By: Hermann Bellinghausen
The first known attack of the Zapatista air force occurred at dawn of the century, January 3, 2000, on the outskirts of the Amador Hernández ejido, in the depths of the Lacandón Jungle. The second is about to start with the landing in some port of Europe an airborne contingent of the Zapatista National Liberation Army (Ejército Zapatista de Liberación Nacional, EZLN). Despite the two decades and a lot of other things that separate them, both operations share the same paradox: they are peaceful; their word is their weapon.
The contexts and objectives could not be more different, and, nevertheless, they point at the heart of the enemy, who in that remote Tseltal ejido close to the Perla River was represented by the federal Army after the sudden unjustified occupation of a property in the middle of the jungle established by cargo and assault helicopters, Vietnam War style, the same manuals. That occupation lasted several months and ended with the withdrawal of the invaders, a victory for the rebel communities. There were no physical casualties on either side, but the example was set. However poor the people are, they can successfully counterattack by air and for the air that they breathe.
The 2000 attack was reported like this in these pages: “The Zapatista Air Force today attacked the federal Army camp with paper airplanes. Some flew well and entered straight into the part of the dormitories hidden by vegetation and large black plastic tarps. Others missed their flight and fell just behind the sharp mesh [barbed wire fencing].
“The aircraft, white in color and letter size, carried a written message for the federal troops that have occupied the community’s land for almost five months now. Not only are the fence wires sharp: ‘Soldiers, we know that you sold your lives and souls because of poverty. I am also poor, like many millions are poor, but you are worse off because you are defending the one who exploits us, that is, Zedillo and his little group of rich men.’
“The protest of the region’s indigenous people against the military occupation of their lands on the edge of the Montes Azules, daily, persistent, almost unbelievable, has sought in many ways to make itself heard by the troops, who seem to exist on the other side of the sound barrier. This afternoon they attacked the airways, in typewritten sheets, originals and carbon copies, in the prehistory of reproduction techniques.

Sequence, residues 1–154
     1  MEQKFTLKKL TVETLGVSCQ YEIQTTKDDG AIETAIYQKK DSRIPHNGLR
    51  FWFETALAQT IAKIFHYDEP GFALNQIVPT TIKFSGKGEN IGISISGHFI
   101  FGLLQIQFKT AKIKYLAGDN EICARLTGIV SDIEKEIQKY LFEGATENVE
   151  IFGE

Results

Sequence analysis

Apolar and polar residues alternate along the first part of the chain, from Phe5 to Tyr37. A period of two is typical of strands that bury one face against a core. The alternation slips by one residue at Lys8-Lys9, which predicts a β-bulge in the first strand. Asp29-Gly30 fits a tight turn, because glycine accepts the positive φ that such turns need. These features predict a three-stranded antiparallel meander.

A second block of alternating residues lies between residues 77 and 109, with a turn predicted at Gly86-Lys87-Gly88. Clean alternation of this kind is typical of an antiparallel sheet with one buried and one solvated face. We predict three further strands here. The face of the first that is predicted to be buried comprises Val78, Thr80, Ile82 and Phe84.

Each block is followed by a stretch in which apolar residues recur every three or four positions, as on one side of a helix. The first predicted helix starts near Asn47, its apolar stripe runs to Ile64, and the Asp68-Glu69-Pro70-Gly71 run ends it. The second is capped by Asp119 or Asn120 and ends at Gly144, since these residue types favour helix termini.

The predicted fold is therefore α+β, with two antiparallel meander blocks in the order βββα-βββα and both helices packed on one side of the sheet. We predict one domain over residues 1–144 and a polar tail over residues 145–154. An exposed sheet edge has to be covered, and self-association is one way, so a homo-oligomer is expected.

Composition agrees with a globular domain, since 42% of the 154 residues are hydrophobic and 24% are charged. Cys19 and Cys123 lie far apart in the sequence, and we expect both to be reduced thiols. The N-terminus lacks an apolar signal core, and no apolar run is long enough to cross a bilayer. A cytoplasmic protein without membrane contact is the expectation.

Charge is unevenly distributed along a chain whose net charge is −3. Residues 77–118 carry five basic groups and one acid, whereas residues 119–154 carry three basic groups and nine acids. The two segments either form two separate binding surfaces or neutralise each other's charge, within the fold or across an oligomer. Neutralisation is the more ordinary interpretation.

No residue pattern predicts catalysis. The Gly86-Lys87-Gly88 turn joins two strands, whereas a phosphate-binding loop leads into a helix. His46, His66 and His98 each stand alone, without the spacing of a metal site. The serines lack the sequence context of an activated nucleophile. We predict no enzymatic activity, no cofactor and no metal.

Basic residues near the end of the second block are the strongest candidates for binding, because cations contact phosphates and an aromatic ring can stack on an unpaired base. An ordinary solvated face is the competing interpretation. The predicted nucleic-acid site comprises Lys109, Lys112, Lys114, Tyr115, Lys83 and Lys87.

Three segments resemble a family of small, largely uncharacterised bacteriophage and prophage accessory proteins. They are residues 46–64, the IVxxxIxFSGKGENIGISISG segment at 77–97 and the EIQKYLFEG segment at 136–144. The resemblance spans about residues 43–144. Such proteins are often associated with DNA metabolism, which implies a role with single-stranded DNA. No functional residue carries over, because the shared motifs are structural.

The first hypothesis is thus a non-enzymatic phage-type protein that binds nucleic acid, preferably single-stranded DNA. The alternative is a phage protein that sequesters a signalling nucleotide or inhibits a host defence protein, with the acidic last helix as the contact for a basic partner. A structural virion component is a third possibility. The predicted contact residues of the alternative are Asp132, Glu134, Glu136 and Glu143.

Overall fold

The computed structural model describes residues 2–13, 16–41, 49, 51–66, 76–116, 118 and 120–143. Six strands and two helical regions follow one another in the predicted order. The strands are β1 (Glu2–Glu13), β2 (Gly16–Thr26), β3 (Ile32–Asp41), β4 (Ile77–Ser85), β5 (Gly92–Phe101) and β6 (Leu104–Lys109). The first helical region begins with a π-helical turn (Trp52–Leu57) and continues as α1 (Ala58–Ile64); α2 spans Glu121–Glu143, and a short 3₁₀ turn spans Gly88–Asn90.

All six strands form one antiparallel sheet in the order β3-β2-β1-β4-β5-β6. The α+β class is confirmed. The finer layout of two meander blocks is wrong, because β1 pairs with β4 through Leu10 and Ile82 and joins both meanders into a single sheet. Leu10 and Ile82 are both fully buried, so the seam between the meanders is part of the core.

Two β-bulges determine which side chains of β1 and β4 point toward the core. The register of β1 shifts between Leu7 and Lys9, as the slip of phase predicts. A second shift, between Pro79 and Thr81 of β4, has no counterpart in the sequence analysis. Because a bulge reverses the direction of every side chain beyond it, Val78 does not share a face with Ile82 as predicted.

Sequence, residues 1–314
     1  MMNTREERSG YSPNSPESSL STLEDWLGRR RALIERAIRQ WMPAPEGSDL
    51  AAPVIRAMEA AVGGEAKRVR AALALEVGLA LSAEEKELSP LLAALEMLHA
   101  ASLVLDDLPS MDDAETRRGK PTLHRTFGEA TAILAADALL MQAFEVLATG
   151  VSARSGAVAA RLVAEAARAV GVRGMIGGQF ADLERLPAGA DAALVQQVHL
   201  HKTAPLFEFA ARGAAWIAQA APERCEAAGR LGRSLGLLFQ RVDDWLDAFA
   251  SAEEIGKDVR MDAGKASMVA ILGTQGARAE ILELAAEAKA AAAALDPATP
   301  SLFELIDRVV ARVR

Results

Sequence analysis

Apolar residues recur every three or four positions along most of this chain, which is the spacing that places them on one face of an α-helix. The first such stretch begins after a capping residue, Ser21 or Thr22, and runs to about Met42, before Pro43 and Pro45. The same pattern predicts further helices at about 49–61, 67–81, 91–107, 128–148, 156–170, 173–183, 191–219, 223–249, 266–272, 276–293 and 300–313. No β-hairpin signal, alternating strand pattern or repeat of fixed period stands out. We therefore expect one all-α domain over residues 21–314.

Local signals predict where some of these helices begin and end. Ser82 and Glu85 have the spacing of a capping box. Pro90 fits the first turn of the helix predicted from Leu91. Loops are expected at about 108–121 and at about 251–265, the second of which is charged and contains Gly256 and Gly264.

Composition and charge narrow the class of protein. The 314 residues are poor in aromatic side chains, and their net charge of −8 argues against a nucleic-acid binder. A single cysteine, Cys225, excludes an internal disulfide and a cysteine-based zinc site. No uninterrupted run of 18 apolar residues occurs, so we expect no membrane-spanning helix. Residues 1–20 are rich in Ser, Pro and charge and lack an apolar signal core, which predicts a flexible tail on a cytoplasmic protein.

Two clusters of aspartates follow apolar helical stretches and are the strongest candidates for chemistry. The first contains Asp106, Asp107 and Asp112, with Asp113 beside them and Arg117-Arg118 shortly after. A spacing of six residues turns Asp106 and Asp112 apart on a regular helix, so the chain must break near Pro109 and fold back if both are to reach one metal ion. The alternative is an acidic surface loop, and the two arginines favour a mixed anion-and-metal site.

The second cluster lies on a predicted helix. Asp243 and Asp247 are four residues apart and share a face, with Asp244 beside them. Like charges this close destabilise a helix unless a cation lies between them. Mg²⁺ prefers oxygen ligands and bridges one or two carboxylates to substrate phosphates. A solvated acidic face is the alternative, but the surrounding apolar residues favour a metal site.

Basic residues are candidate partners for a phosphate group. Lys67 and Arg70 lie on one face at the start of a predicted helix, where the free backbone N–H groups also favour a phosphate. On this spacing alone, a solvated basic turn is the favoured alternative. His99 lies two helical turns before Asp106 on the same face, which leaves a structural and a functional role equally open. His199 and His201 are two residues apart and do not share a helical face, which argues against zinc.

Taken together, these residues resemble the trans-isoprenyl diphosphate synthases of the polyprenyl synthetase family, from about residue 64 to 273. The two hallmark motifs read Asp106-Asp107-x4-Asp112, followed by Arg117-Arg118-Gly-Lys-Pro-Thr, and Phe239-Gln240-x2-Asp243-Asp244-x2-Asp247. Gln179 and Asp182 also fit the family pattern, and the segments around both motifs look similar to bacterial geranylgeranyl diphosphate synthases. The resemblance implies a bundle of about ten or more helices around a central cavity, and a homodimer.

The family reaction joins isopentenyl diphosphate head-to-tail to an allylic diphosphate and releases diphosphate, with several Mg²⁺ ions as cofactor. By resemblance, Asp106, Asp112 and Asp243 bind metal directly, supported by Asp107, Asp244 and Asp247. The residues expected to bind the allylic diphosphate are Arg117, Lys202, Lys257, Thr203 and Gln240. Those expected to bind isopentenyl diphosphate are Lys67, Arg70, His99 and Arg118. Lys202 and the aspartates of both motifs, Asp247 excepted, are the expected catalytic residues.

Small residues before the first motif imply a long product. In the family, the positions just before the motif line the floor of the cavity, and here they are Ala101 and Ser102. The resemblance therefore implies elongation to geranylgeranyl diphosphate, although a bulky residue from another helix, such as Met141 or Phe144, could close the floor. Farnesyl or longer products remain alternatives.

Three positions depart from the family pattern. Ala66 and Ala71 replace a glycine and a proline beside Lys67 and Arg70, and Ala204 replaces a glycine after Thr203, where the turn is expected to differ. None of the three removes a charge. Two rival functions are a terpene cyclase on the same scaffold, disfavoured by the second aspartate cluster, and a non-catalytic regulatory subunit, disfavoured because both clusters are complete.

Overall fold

They made one version and another with their copies, to protect as much as possible their contingent of kamikazes in writing. The airplane is the bomb:
“‘We don’t sell our lives. We want to liberate our lives and those of your children, their lives and those of your wives, the lives of your brothers, the lives of your uncles, the lives of your papas and your mamas and the lives of millions of poor exploited Mexicans, we want to liberate your lives too so that there won’t be soldiers that repress their peoples because of orders from a few thieves.
“On other occasions, the federal Army troops covered their eyes or ears, under orders from their superiors, to not pay attention to the complaints, messages or imprecations from the indigenous people. Today, an officer tries to collect the airplanes that fell in the front line of combat, before the barricades of sacks and branches where the soldiers aim, with their helmets on. At least now they haven’t put on opera, as they have been doing for days, flavored and distorted, some select fragments of Carmen, La Traviata and William Tell so that nothing is heard.”
In 2021, a new generation of Chiapas Zapatistas attacks the heart of the Old World in their way, with small but eloquent symbolic events. A maritime advance team set foot on Iberian land in Galicia and is already going through France.
The new rebel “crazy idea” turns around the trapped political discussion in Mexico and its alleged extremes, and opens a scenario for the autonomic demands elaborated, and for the current tragedies in Chiapas to acquire international relevance and awaken anesthetized or hidden consciences in the different European countries.
As my relative Doctor Ricardo Loewe says, currently retired in Austria, a participant in Zapatismo during his good 40 years, the announcement and beginning of the tour through Europe “made many small and medium-sized collectives inspired or interested in Zapatismo appear like mushrooms.”
This occurs at a time of political anomie. In social networks, public squares and the communications media, they question rampant capitalism, racism, sexism, war itself, in Zapatista key.
The new sea-air-land operation will give rise to rallies, concerts, forums, marches, assemblies, appearances and debates on a minor but insidious scale, invasive for good dormant consciences and lofty bad consciences. It’s about saving the world, not like in the comics, but based on many transatlantic micro-histories of the world below that bets with more urgency than ever on another world where many worlds fit.
Originally Published in Spanish by La Jornada
Monday, July 12, 2021
Re-Published with English interpretation by the Chiapas Support Committee